1. Must an offeree accept an offer by express agreement

1. Must an offeree accept an offer by express agreement in order for a legally enforceable contract to be formed?

2. Was the “Interdependency Memo” too indefinite to constitute an offer?


Aon Risk Services, Inc. (ARS Arkansas), and Combined Insurance Companies are subsidiaries of Aon Corporation. The parent corporation issued an “Interdependency Memo” dated February 2000, which encouraged ARS brokerage offices to place insurance business with Aon-affiliated companies. It also set up a bonus pool for revenues generated under the plan, with Combined agreeing to pay “30% of annualized premium on all lie products over 15-year term plus 15% 1 year for all other products.” John Meadors saw the memo in February 2000, and believed it would entitle him to this compensation over and above his employment contract. Meadors put Combined in touch with Dillard’s Department Stores and on March 24, 2000, Dillard’s and Combined executed a five-year agreement whereby Dillard’s employees could purchase life, disability, and other insurance policies through workplace enrollment. When Meadors did not receive bonus-pool money generated by the transaction, he sued his employer for breach of a unilateral contract. The employer’s defense was that the memo was not sufficiently definite to constitute an offer.

JUDICIAL OPINION

VAUGHT, J.… Meadors’s theory at trial was that the Interdependency Memo formed a unilateral contract. There are several instances where unilateral contracts commonly appear, such as where a reward is offered, e.g., Ark. Bankers’ Ass’n v. Ligon 174 Ark. 234, 295 S.W. 4 (1927), where a contest is announced, e.g., Mears v. Nationwide Mut. Ins. Co. 91 F.3d 1118 (8th Cir. 1996), or where changes are made and disseminated in an employee manual. See Crain Indus., Inc. v. Case 305 Ark. 566, 810 S.W.2d 910 (1991). In those situations, the offeree does not accept the offer by express agreement but by his performance. For example, in the case of a reward, the offeree accepts by performing the particular task, such as the capture of a fugitive, for which the reward is offered. Even though he has not directly communicated his acceptance, a contract is formed as the result of his performance. See Ligon, supra (recognizing that a unilateral contract is composed of an offer that invites acceptance in the form of actual performance), 17A AM. JUR. 2D Contracts § 5 (2d ed. 1991) (stating that, if performance occurs, then the offer has been accepted, and a contract is formed). The performance also constitutes consideration for the contract. 17A AM. JUR 2D Contracts § 5.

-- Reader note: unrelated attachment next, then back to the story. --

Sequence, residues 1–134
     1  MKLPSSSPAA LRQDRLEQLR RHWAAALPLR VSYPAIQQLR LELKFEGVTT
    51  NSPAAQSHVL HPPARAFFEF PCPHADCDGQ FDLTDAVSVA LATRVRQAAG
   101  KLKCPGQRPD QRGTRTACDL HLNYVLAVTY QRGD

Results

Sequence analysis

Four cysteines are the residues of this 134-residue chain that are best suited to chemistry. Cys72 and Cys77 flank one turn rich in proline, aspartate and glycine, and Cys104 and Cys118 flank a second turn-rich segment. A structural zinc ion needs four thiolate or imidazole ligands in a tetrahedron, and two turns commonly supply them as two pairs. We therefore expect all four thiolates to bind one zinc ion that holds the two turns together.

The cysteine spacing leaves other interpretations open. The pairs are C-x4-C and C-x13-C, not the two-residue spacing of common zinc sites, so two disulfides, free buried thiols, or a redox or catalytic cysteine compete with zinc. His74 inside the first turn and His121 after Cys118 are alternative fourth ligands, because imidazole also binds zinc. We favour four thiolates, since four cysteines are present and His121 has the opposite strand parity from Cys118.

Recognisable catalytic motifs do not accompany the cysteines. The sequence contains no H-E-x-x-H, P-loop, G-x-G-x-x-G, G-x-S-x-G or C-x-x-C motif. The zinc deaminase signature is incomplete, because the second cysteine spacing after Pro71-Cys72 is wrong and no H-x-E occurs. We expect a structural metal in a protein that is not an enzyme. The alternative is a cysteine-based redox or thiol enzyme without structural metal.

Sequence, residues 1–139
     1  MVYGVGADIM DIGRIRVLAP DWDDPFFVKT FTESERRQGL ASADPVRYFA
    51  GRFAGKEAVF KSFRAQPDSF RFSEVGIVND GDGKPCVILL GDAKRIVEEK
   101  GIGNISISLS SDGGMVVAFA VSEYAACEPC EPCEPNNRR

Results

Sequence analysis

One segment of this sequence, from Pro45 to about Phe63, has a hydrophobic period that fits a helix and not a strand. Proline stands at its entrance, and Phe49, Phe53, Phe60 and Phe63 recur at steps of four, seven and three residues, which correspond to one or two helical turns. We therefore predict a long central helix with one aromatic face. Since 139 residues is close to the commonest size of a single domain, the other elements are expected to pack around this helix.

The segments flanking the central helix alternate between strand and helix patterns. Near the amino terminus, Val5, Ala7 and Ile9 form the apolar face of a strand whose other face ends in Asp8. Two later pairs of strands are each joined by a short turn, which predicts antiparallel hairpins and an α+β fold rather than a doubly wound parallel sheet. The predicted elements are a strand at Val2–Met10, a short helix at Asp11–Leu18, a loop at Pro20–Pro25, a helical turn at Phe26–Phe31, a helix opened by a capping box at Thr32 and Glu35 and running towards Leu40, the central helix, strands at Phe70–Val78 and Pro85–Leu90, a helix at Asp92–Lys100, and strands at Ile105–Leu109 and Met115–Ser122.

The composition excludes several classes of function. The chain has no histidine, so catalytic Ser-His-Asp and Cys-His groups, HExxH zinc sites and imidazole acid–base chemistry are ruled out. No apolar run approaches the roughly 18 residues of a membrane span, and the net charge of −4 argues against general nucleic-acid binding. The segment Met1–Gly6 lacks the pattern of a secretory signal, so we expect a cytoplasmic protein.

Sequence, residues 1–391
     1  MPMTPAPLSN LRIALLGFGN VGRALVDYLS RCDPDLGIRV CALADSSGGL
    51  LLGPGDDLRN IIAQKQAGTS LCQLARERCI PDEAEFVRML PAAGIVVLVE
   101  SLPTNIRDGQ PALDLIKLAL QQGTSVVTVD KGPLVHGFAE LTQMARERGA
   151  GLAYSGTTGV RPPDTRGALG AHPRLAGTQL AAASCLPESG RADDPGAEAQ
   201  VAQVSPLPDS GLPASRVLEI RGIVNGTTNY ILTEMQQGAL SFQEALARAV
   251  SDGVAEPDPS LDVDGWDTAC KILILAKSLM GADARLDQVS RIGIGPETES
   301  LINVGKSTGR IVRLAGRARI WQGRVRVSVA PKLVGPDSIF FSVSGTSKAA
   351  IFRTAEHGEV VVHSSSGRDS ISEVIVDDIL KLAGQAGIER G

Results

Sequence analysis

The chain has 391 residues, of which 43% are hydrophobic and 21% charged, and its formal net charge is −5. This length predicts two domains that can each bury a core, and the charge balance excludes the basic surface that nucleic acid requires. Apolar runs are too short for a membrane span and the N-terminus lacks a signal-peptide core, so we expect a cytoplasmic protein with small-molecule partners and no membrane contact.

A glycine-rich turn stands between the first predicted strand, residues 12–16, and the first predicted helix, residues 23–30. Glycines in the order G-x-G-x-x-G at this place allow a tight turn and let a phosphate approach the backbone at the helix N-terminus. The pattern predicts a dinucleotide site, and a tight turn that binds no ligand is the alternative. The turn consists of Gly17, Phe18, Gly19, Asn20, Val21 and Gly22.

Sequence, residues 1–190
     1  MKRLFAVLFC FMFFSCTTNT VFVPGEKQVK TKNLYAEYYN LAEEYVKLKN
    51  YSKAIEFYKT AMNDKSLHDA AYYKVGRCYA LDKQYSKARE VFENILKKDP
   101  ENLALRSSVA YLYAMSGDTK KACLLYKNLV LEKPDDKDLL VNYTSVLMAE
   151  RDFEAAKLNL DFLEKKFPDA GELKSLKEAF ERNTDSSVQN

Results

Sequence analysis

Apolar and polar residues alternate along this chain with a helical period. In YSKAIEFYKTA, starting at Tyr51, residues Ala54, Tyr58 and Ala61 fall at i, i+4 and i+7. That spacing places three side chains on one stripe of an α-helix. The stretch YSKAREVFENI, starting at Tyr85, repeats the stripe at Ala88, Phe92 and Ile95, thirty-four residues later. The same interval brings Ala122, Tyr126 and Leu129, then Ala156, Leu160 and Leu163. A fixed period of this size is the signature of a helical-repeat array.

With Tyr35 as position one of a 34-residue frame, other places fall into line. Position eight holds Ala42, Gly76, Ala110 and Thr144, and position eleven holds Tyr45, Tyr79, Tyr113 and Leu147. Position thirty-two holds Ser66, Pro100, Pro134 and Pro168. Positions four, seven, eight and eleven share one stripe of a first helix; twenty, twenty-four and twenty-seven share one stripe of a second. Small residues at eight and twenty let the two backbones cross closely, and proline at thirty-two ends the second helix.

Definiteness of offer

ARS Arkansas argues first that the interdependency Memo was not sufficiently definite to constitute an offer for a unilateral contract. An offer is the manifestation of willingness to enter into a bargain, so made as to justify another person in understanding that his assent to the bargain is invited and will conclude it. An offer cannot be accepted so as to form a contract unless the terms are reasonably certain. Restatement (Second) of Contracts § 33 (1981). To bind the employer, an offer must be definite in form and must be communicated to the offeree. See Hardie v. Cotter & Co. 849 F.2d 1097 (18th Cir. 1988); Dumas v. Kessler & Maguire Funeral Home, Inc. 380 N. W.2d 544 (Minn. Ct. App. 1986). Whether a proposal is meant to be an offer for a unilateral contract is determined by the outward manifestations of the parties, and not by their subjective intentions. The principle issue is whether the employer’s statements are intended as an offer and accepted as such or are merely statements of policy and practice. id.… …………………………………….

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